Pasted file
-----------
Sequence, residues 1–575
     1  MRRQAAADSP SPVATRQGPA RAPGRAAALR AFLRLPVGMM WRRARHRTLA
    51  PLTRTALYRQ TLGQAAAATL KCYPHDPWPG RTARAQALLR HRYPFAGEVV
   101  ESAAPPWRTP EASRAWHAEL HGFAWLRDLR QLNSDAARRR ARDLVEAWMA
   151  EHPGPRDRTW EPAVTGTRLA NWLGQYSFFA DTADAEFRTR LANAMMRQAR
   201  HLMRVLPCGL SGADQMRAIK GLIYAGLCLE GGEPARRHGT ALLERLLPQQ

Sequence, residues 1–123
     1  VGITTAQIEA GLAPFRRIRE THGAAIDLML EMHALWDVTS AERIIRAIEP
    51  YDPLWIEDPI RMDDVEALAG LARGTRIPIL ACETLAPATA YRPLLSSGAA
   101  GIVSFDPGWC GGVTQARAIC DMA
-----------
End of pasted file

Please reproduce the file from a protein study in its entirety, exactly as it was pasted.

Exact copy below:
Sequence, residues 1–575
     1  MRRQAAADSP SPVATRQGPA RAPGRAAALR AFLRLPVGMM WRRARHRTLA
    51  PLTRTALYRQ TLGQAAAATL KCYPHDPWPG RTARAQALLR HRYPFAGEVV
   101  ESAAPPWRTP EASRAWHAEL HGFAWLRDLR QLNSDAARRR ARDLVEAWMA
   151  EHPGPRDRTW EPAVTGTRLA NWLGQYSFFA DTADAEFRTR LANAMMRQAR
   201  HLMRVLPCGL SGADQMRAIK GLIYAGLCLE GGEPARRHGT ALLERLLPQQ

Sequence, residues 1–123
     1  VGITTAQIEA GLAPFRRIRE THGAAIDLML EMHALWDVTS AERIIRAIEP
    51  YDPLWIEDPI RMDDVEALAG LARGTRIPIL ACETLAPATA YRPLLSSGAA
   101  GIVSFDPGWC GGVTQARAIC DMA